I think that the expressionSubmitted by Gala Placidia on Sun, 02/14/2016 - 15:07
ITs wha Gaia says if you canSubmitted by modicasa on Mon, 02/15/2016 - 01:11
ITs wha Gaia says if you can do it with a nulla osta from the comune (called a S.C.I.A.) , if you need to make any structural intervention - or change anything, open up windows, change roofs etc then you need a building concession - a concessione edilizia which costs more.
As Modi suggests, there areSubmitted by Gala Placidia on Mon, 02/15/2016 - 01:35
As Modi suggests, there are different categories, depending on whether permits, detailed plans by professionals, etc. are needed. Even for "manutenzione", there is "ordinaria " and "straordinaria". Here is the full list and description according to the Institute of Architects http://www.ordinearchitetti.fi.it/pagine.asp?PaginaId=129
Hi Lindybob,Submitted by Ronco on Mon, 02/15/2016 - 05:20
Hi Lindybob,I think that you have been getting great advise from Gala and Modi, in that you are probably seeking guidance on building / planning law rather than a linguistic term.In fact “manutenzione straordinaria" is a Category recognized by Local Authorities, and once you establish that your proposed building works qualify as “manutenzione straordinaria" you can usually carry them out immediately and also pay a reduced level of IVA (VAT). The definition of “manutenzione straordinaria" very roughly means that you renovate or update an existing building without changing its original form, volume or OUTWARD appearance.Where in Italy is the “rustico”? All the bestRonco
In reply to Hi Lindybob, by Ronco
Hello Lindybob,Submitted by Ronco on Tue, 02/16/2016 - 06:05
Hello Lindybob,I am an architect originally from the UK, operating in north Italy for over 15 years, covering also Lunigiana.Should you require any future advice or assistance with the rustico I will be happy to help.My email is: firstname.lastname@example.org All the best Ronco
the bureaucratic process ofSubmitted by Ugo on Mon, 02/15/2016 - 11:43
the bureaucratic process of structural restoration of a property you have to rely on a technician: a surveyor or a structural engineer or architect. This professional, in Italy, is the only person authorized to make the request to receive permission to restore, at the offices of the municipality. Advice to you, strongly, to find and use a technician who works in the area where you have decided to buy. In Italy, building regulations are "even" different between the towns of the same administrative area. And, for example, a technician who works in Latium region , in the town of Viterbo, hardly, know the rules that are used to receive a building permit, in Tuscany, the area of Livorno - which is less than 300 km from Viterbo .. Ugo , by Lifeinitaly.it http://www.lifeinitaly.it/Inglese/Purchasing_Real_Estate_in_Italy.htm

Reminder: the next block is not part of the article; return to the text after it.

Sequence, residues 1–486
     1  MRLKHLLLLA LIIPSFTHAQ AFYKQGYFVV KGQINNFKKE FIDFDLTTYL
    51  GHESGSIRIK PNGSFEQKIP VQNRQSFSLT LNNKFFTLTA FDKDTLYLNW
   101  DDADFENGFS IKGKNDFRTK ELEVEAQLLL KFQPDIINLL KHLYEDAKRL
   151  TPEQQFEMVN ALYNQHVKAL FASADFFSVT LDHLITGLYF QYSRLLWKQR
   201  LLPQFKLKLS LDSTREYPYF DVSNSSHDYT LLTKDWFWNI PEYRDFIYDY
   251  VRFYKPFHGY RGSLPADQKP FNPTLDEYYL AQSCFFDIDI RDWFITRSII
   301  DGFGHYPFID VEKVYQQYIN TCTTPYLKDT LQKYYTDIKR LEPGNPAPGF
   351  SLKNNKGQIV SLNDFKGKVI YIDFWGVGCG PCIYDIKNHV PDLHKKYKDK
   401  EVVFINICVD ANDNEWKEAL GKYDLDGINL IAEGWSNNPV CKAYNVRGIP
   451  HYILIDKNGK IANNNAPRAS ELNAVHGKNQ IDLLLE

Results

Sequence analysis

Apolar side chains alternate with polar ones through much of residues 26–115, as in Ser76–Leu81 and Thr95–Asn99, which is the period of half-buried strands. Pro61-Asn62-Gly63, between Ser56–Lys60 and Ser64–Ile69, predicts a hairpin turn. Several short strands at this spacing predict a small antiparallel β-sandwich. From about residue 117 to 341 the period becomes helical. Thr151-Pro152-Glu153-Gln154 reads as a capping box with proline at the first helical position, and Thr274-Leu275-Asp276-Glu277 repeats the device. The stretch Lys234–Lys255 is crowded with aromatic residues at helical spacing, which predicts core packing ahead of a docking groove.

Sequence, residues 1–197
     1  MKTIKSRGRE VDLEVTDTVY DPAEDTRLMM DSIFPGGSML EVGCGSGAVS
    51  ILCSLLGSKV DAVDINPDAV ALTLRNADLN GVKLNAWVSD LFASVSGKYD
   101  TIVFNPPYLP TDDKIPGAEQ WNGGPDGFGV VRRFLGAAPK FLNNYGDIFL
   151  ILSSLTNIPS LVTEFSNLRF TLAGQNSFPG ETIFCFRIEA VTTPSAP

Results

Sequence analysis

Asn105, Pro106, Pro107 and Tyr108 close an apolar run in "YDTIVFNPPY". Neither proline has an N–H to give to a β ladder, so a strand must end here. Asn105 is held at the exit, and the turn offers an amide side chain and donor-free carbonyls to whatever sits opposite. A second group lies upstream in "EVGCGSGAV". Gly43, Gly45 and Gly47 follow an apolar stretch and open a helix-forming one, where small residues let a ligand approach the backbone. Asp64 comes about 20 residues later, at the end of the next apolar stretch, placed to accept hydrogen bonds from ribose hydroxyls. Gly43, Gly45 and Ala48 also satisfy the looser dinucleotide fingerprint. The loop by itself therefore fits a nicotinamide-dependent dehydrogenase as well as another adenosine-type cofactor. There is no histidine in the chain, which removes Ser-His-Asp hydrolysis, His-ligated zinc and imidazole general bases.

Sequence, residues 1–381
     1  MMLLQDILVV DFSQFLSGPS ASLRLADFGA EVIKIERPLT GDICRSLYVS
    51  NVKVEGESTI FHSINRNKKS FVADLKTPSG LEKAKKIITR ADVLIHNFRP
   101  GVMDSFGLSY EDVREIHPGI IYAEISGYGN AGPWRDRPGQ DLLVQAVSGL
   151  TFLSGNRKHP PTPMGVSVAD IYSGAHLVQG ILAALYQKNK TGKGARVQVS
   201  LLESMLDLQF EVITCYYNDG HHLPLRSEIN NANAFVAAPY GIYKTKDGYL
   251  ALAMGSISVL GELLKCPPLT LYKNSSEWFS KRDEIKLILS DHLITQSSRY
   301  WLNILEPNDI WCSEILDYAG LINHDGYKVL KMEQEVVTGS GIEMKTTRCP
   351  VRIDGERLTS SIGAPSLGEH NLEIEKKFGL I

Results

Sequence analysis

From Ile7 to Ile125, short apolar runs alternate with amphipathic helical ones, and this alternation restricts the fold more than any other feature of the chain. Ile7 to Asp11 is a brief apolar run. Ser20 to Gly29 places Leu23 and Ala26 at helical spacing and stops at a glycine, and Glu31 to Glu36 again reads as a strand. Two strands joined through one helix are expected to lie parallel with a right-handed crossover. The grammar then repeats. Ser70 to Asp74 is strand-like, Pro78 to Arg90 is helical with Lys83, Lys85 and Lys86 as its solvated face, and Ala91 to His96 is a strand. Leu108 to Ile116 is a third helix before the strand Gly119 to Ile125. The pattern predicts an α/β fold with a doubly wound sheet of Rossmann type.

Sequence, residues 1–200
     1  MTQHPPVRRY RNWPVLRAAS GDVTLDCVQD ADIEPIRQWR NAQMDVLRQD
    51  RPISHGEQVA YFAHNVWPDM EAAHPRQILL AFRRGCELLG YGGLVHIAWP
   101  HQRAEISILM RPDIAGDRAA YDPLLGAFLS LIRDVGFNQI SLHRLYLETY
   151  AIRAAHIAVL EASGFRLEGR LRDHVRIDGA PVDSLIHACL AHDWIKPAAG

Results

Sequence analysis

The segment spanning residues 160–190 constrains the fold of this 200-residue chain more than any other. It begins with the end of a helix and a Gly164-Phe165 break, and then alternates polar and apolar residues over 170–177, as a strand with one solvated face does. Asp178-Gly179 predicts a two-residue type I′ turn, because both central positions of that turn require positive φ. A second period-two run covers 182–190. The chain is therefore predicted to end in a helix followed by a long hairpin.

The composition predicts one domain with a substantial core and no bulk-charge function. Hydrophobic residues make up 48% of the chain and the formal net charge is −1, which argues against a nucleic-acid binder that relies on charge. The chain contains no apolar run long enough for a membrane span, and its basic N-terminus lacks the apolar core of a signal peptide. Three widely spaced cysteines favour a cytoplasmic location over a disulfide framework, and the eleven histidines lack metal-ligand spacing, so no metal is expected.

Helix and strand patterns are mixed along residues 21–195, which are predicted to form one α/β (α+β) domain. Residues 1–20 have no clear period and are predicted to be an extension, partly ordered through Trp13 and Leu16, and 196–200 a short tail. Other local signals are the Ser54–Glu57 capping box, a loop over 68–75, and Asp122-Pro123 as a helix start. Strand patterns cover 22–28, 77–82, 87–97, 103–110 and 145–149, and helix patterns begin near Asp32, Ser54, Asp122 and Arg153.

Totally agree with UGO - forSubmitted by alan h on Tue, 02/16/2016 - 07:16
Totally agree with UGO - for any restoration works on a property, you must get the proper approvals from the Comune to carry out the works, and the best [only] way to do this is by using a local professional to make the application. Personally, I would always use a local Geometra to prepare plans and make the applications, UNLESS its a complicated design, when it may well be worth using an Architect.
Hello AlanH,Submitted by Ronco on Wed, 02/17/2016 - 09:00
In reply to Totally agree with UGO - for by alan h
Hello AlanH,Of course you are very entitled to you opinion, and there is no doubt that a Geometra can be the right way to go sometimes.However when it comes to investing in a future home, as our English speaking clients will testify, there is a great benefit to having a full bilingual architectural service. In our case, all our communications and documents are in English and when necessary both English and Italian in particular the detailed design and tender documents which enable clients to get involved in the nuts and bolts, and pennies and pound (ok ….cents and euros).We believe it is important that clients are fully involved in designing their homes, and from our experience in north Italy there are not many Geometras or even Architects who can offer the same service.We also offer an added psychological support as we understand how things work in Italy, and how non-Italians think things should work, sometimes a little extra explaining and discussion can removes an enormous amount of anxiety.Love and Peace (also to engineers), Ronco
I definitely agree with RoncoSubmitted by Italian Dream House on Wed, 02/17/2016 - 09:37
I definitely agree with Ronco!
In Italy we have this mingling of geometra/architetti/ingegneri, since mainly we can all sign the same projects (the matter is more complex, but this is not the place to explain who can sign what).
Truth is that what and for how long we have studied is different: geometri are expert in Catasto (land register) and surveying, engineers are expert in calculating structures and architects in planning/designing. Of course we have to know a little bit of everything and some things we all know how to do (i.e. estimates, quotations) but I assure you that what you get is different according to the kind of professionals you hire.
In case of an interventions of a certain entity -i.e. the renewal of a whole building/property- best thing would be to work with all three as a team.
Peace and Love :-)
A building requiringSubmitted by KarlBallard on Fri, 07/08/2016 - 03:50
A building requiring renovation in Italy is usually in need of rebuilding may be a more accurate description. Partly renovated usually means that part of a building is habitable. Well, for all such construction ideas get some useful additional hints. Thus, all ideas will definitely help you.